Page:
A residential school has been ordered to make “urgent” improvements to ensure the safety and protection of young people.
Troup House School, in Gamrie, near Banff, must meet six improvements within the next two weeks or it will risk losing its registration.
The improvement notice was sent to the service two weeks ago following an “unsatisfactory” Care Inspectorate inspection and a letter of serious concern being issued.
The unannounced inspection took place between March 13 and 31 during which inspectors found “significant weaknesses” which compromised service users’ safety.
The service is provided by Aspris Ltd who have said they are “working tirelessly” to make the improvements as soon as possible.
Errors with medication
By May 12, school staff must review all child and adult protection procedures to ensure training is in place and that all safeguarding concerns are reported appropriately.
During their visit, inspectors discovered some information regarding protection concerns had not been shared with children’s social workers, or specific details had been withheld.
The second improvement is in relation to the safe administration and recording of medication, which includes carrying out a full investigation into all medication errors between March 1 and 28 of this year.
The report states: “There was instances where medication had been administered twice, not recorded accurately and potentially missing medication. These instances involved controlled medication.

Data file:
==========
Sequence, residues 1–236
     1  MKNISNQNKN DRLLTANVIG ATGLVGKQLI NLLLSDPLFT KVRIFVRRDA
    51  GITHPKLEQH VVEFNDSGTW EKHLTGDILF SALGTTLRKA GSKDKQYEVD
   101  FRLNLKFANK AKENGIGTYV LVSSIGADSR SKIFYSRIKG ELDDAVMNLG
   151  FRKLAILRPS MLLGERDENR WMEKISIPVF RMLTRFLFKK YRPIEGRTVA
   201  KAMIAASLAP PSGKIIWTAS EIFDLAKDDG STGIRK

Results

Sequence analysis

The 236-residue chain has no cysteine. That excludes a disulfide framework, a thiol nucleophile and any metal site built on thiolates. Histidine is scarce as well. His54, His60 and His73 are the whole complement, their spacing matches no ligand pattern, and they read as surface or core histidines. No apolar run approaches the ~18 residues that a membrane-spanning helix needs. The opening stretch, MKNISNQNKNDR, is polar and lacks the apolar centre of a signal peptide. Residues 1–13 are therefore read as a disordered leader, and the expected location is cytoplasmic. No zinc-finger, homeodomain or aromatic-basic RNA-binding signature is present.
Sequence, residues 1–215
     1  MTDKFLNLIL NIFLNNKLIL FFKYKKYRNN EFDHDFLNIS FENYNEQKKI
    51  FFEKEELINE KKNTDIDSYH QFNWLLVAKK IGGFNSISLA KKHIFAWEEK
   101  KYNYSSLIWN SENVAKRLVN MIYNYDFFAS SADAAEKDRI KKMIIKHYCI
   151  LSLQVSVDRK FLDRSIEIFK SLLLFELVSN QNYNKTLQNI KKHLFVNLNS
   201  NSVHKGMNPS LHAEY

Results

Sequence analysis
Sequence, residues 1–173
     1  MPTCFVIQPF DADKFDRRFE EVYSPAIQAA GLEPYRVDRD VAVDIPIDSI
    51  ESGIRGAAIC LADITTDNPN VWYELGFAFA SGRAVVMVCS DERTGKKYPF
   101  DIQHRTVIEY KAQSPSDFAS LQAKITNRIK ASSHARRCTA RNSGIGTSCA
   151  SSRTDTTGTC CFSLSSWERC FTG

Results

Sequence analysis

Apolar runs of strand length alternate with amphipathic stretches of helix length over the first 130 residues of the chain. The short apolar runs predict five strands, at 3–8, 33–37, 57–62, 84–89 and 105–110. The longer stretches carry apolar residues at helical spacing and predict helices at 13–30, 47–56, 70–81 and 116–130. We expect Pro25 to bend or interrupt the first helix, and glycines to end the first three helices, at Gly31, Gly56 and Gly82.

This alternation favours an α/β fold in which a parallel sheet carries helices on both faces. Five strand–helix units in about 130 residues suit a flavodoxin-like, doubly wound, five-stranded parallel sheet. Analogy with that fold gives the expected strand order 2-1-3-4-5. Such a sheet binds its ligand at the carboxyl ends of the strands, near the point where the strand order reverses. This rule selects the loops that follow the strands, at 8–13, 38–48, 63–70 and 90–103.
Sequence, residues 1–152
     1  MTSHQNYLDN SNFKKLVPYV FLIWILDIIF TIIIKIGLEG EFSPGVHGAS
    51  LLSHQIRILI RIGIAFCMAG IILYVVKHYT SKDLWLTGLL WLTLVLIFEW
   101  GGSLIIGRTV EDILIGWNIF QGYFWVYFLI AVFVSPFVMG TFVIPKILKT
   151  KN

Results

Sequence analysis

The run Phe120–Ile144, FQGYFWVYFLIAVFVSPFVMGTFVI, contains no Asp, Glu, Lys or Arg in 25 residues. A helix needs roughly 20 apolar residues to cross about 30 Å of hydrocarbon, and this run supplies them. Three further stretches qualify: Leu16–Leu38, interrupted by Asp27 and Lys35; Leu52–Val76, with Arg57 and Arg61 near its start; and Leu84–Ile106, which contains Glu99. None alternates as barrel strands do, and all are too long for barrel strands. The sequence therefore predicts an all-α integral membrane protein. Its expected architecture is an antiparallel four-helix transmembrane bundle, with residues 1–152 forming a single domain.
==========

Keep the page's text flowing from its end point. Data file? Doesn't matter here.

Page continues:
“We observed there to be a lack of knowledge around the recording methods and information needed to ensure safe administration.”
Inspectors raised concerns about “inconsistent” staffing levels which were not found to be sufficient enough to ensure safety.
Further concerns were highlighted in the report about employment of staff with unexplained gaps in their work and worries shared in their professional references.
They added this led to young people being placed at risk.
By May 12, the residential school must also ensure there is sufficient staff to meet the needs of the people using the service at all times.
Further, it was noted that the staff at Troup House School did not have an “understanding of trauma” and the impact it can have on young people.
The report adds: “We found this at times led to consequences being issued which were impacting on their rights, wellbeing and not in line with ‘The Promise.’ Young people told us ‘some of the rules are really unfair’.
“These were not recorded consistently which caused us further concern. We recognised this was not supportive in helping young people understand their trauma, and at times impacted on their emotional health.”
Delivering the ‘best standard’
The final two improvements refer to the handling of incidents within the service which they must ensure are recorded and reviewed accurately.
A spokesman for Troup House said: “We take the Care Inspectorate’s findings very seriously and are working tirelessly to deliver the required improvements at Troup House as swiftly as possible.
“The implementation of a comprehensive action plan addressing all the areas of concern is nearing completion, and we remain in regular contact with the Care Inspectorate and other key stakeholders to communicate the progress being made.
“We are committed to delivering the very best standard of support to those entrusted into our care, and to learning from this to ensure these issues are not repeated in the future.”